VIDEO: Special Kingstonian Meeting 6/3/19

“The purpose of tonight’s meeting is for the planning board to determine specific areas/studies which we believe will be critical for the decision making process with regard to the Kingstonian” – Wayne Platt, Chair of the Kingston Planning Board

At last night’s special Kingstonian meeting, the mood was oddly calm.  In about 1 1/2 hours, the planning board and applicant moved through their plans of what studies would be required in order for the board to make a determination of significance (pos or neg dec).  Outside of the planning board chair, only two members of the board posed any questions to the applicant, though they voted unanimously to pass a resolution for studies.  The applicant will provide its studies to the planning board for distribution in early July. A meeting will be scheduled for September for the planning board to make a determination or, to request more information from the applicant.

Here’s a quick summation of the key points from the meeting:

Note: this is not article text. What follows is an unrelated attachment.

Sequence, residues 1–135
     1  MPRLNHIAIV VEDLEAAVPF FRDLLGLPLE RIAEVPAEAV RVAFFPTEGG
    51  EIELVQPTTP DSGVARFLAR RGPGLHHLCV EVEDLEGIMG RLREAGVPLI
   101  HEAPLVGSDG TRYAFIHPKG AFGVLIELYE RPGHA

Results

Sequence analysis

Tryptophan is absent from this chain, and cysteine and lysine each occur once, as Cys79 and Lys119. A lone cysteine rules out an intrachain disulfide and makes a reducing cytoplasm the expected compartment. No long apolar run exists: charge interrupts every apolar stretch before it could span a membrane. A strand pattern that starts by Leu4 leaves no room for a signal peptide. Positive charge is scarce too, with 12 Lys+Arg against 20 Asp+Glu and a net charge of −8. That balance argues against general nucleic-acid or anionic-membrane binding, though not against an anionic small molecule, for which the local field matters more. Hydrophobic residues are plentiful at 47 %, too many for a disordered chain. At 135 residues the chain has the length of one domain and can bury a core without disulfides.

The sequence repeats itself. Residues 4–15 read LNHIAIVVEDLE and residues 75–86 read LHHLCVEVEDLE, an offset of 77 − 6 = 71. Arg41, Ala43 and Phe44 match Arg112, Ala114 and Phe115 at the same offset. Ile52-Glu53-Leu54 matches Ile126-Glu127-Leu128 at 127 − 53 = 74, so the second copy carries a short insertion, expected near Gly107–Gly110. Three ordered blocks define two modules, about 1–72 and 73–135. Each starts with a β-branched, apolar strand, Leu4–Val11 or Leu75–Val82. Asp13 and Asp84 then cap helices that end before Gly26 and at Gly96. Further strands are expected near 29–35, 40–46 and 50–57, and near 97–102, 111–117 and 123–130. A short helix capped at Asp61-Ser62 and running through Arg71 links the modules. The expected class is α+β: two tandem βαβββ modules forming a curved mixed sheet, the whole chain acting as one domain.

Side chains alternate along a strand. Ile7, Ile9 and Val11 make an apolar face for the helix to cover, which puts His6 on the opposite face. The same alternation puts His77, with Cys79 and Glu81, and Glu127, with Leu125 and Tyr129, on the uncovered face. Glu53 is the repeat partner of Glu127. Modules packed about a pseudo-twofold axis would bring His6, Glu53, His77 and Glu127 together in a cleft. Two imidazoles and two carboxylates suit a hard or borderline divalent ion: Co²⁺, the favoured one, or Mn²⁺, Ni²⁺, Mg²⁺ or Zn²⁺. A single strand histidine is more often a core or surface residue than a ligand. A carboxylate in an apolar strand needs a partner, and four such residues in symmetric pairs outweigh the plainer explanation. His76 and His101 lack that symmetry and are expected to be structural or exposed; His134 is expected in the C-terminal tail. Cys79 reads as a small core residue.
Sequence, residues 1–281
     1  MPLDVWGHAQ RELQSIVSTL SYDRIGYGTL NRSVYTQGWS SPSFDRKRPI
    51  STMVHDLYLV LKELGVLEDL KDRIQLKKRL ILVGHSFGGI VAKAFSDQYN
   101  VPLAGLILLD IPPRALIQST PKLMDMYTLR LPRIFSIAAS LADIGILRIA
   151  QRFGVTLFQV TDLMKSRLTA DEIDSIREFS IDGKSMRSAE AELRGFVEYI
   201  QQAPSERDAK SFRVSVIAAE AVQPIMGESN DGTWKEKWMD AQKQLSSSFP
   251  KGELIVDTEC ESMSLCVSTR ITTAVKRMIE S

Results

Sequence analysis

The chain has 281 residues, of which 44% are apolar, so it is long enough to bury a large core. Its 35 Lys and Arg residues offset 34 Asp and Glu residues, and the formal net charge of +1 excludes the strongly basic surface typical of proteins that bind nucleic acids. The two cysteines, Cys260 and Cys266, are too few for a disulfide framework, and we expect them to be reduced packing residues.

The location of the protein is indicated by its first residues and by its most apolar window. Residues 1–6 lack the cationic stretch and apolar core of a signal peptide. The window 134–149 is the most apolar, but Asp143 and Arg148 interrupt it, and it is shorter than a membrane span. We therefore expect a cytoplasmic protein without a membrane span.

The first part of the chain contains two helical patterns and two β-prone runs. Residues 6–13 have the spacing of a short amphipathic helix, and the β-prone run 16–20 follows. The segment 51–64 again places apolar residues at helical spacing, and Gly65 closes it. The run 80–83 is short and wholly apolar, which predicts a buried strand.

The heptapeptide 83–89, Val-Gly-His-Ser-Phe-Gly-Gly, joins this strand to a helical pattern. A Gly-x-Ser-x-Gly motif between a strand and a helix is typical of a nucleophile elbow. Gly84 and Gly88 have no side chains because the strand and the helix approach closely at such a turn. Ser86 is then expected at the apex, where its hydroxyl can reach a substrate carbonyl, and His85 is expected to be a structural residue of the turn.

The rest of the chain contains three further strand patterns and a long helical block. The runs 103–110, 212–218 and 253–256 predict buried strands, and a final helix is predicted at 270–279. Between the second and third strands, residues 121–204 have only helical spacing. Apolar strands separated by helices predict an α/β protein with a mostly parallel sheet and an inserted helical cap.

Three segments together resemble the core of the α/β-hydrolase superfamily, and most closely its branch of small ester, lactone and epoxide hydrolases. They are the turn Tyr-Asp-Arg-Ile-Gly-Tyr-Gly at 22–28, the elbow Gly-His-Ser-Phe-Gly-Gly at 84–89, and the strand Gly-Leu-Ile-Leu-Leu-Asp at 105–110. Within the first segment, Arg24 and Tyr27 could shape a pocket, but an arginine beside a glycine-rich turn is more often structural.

1. The planning board as lead agency presented potential impacts to the applicant submitted by New York State (State Historic Preservation Office (SHPO), Department of Environmental Conservation (DEC), Department of Transportation (DOT)) as the key potential impacts for the applicant to study.  The Kingston’s Historic Landmarks Preservation Commission (HLPC), also attached, we learned was being ‘deliberated’ and therefore, any recommendations that they made (outside of any similarities to SHPO) were not included in the planning board’s resolution.
  2. The pedestrian bridge that connects two buildings on Fair Street (not to Herzog’s Plaza) was voluntarily removed from the project design.